Players Yearning To Be Free
Another 2-4 starters should come from selected Pro Bowl level or near Pro Bowl level talents from outside free agents, signed to long term deals. Examples on the current Jets roster would be Antonio Cromartie and maybe Santonio Holmes, prior to his injury. You would thus sign only 1 top end free agent every one or two years on average. The final 4 starters should be solid veterans in the Yeremiah Bell mode, guys who will provide a year or two of solid NFL veteran play and can be signed for cheap. Your 8 star FA starters will cost about $9 million on average against the cap. That brings the cap figure to $100 million. The 4 solid vets will cost you maybe $6 million against the cap. Now you have 38 roster spots and every starter for approximately $106 million. Fill in the other 15 spots, including the kicker, punter, long snapper, 2 backup QBs and 10 other guys with a mix of UDFAs and some cheap fill in FAs and you get another $10-12 million for a $116-118 million cap figure, with any remaining amount retained for in season signings.
Trading Back To the Future
By following the above roster guidelines you should be able to obtain 3 or 4 extra draft choices each and every year, whether by trade or by compensatory picks. These will be vital for the next phase of roster building: trading into future years. In general trading a pick in the current year's draft for a pick in the following year's draft results in moving up one round. So, for instance, you should be able to trade a 2013 7th for a 2014 6th or a 2013 3rd for a 2014 2nd most years. Beginning in 2013, make an effort to trade a low round pick and a high round pick for better picks in the following year's draft every year. This will result in losing 2 picks in 2013, but those should be covered somewhat by the extra picks obtained via trade or FA compensation. After 2013 you will then have an extra high pick and an extra mid round pick every year. By doing this every year you will soon have the extra high level picks necessary to obtain your franchise QB when he becomes available, without completely gutting that year's draft class. Trading back in years is one of the only foolproof ways of continually moving up in the draft over time without losing picks.
The Last Shall Be First
Don't be afraid to trade away low level picks, even multiple low level picks, in order to move up in the current year's draft and/or trade into a future year. The extra picks acquired through trade and FA compensation will prevent you from having small draft classes and cushion the blow to your draft class, and you will be able to obtain much more valuable mid round picks, which are much more likely to become difference makers than 6th or 7th rounders. 7th rounders in particular should be aggressively traded away, as they are in general not much more valuable than UDFAs.
Past The Expiration Date
Player contracts should always be structured so that the Jets can cut guys with no cap hit and ideally achieve substantial cap savings at any time past the 29th birthday. While guys can and do have long successful careers past 30, those are the exception rather than the rule. Retain only the best of the best past age 30. Better to cut or trade guys a year or two early than a year or two late. Ruthlessly maintain a young, fast, athletic and cheap core of young players.
It's A Small World
Make the investment in scouting foreign talent. Baseball and basketball teams already scour the globe looking for talent; it is only a matter of time before NFL teams invest heavily in doing likewise. The Jets should get out front of this trend. Of particular interest initially should be foreign basketball, track and rugby athletes whose athletic talents and skill sets most easily translate to the NFL. While this is unlikely to result initially in a bounty of NFL talent, a patient, long term approach should result in a small but measurable edge in finding foreign free agents who can help the team, as well as a leg up in the future as this approach becomes more mainstream.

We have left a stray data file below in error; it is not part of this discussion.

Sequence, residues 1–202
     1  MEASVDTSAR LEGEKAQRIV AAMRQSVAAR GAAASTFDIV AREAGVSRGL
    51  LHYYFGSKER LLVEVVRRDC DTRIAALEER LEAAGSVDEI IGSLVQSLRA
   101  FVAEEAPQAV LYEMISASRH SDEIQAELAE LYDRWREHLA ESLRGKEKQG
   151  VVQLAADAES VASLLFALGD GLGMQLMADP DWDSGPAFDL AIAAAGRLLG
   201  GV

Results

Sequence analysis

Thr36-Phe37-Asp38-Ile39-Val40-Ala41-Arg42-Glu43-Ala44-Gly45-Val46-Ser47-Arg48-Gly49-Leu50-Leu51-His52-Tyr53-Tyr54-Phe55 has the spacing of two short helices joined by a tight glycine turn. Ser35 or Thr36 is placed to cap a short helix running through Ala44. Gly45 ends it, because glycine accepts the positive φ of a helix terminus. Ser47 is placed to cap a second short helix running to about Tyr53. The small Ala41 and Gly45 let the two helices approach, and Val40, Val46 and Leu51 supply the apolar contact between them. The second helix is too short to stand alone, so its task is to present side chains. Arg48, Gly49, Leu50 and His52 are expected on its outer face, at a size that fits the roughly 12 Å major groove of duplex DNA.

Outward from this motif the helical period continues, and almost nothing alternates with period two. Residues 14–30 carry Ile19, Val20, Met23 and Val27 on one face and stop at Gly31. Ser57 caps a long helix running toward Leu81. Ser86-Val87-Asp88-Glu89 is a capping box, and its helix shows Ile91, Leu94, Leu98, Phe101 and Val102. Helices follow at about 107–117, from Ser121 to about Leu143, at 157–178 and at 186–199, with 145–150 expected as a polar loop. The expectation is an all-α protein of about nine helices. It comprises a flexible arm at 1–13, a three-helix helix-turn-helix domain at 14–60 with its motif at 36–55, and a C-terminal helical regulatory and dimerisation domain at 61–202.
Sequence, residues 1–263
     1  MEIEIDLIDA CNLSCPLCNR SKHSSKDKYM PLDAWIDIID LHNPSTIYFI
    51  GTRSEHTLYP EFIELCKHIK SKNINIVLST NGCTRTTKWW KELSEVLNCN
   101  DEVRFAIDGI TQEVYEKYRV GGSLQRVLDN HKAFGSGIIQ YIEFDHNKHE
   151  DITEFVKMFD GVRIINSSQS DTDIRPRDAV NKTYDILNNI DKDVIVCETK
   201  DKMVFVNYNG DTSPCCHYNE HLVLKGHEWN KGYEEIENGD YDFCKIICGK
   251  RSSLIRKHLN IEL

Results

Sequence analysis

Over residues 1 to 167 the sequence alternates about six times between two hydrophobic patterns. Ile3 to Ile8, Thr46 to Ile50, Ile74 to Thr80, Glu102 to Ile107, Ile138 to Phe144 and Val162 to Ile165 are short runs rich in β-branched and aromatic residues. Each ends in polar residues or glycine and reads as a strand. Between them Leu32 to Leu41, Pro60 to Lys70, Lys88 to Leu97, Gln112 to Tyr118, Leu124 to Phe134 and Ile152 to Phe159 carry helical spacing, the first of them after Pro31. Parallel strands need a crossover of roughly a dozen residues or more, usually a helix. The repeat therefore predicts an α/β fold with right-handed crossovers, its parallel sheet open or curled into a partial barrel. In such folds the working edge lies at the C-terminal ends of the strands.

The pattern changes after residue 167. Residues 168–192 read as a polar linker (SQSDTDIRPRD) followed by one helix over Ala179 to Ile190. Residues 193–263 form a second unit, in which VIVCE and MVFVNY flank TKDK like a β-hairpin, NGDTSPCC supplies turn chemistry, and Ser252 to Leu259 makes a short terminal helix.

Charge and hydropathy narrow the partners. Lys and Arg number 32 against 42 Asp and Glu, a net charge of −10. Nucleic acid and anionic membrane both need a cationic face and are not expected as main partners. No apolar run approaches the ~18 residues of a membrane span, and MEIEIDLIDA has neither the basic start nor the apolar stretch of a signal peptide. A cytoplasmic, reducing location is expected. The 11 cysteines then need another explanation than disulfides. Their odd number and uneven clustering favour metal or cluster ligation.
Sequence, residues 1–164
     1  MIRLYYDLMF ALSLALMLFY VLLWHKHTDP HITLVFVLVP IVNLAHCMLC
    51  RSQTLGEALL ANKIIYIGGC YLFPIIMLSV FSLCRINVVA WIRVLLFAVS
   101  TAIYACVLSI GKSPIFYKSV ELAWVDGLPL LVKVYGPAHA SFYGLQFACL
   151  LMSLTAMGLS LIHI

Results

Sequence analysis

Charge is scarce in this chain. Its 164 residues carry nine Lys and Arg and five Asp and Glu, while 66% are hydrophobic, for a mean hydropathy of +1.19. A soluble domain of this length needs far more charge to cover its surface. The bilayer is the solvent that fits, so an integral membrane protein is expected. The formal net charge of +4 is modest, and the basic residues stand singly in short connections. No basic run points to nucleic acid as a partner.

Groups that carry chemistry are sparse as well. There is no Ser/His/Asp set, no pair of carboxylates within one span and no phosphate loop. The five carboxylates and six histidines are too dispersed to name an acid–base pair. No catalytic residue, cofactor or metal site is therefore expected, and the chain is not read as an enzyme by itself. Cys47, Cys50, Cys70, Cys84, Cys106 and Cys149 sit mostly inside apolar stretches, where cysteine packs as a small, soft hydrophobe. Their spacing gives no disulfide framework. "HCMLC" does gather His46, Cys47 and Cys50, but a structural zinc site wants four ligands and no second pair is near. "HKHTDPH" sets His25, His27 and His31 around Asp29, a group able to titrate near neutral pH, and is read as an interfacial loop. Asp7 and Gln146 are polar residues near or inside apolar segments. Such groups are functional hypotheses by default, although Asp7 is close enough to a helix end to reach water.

Find prospects among basketball players and track athletes. This is a growing trend in the NFL. Get out front of it and invest in the scouting resources necessary to find the occasional diamond in the rough from other sports.
Stats All Folks
Invest heavily in building mathematical models for success. Find the best analytical mathematicians you can and set them to work running sophisticated statistical analysis and building mathematical models for what really matters when evaluating talent and putting a team together. This kind of statistical heavy lifting, sabermetric approach is already de rigeur in baseball talent evaluation and is just starting to catch on in basketball. In football it is still in it's infancy, practiced primarily by websites like Football Outsiders. Investing long term in refining the crude models currently available and identifying market inefficiencies in the way teams value certain skill sets and statistics should pay major dividends over the long run, as the Jets over time begin to consistently acquire undervalued players whose contributions exceed the value of their cap numbers.
All of the above guidelines are just that: guidelines. They are not meant to be rigidly followed no matter what. Being an effective GM requires the wisdom to know when to be flexible like Gumby and break some of your own rules. So strive to follow the overall blueprint while allowing for flexibility when unusual circumstances warrant it.
Putting It All Together
Taking the steps outlined above should keep the Jets ahead of the pack in terms of exploiting market inefficiencies, and that should over time result in a consistently superior on the field product. When every team has the same amount of money to spend, long term success depends on spending yours more wisely. I've outlined here a comprehensive strategy to do just that.
By taking the above steps the Jets can establish a long term perennial contender, while simultaneously getting out and staying out from under cap hell. When and if a franchise QB is found, that contender will likely turn into a team capable of winning multiple Super Bowls. It CAN be done, if the Jets have the will and the foresight to stop going for the short term fix and really plan a winning long term strategy. By taking these steps, the Jets can exit cap hell forever and finally make the salary cap their friend. That would indeed be a feather in the Jets' cap.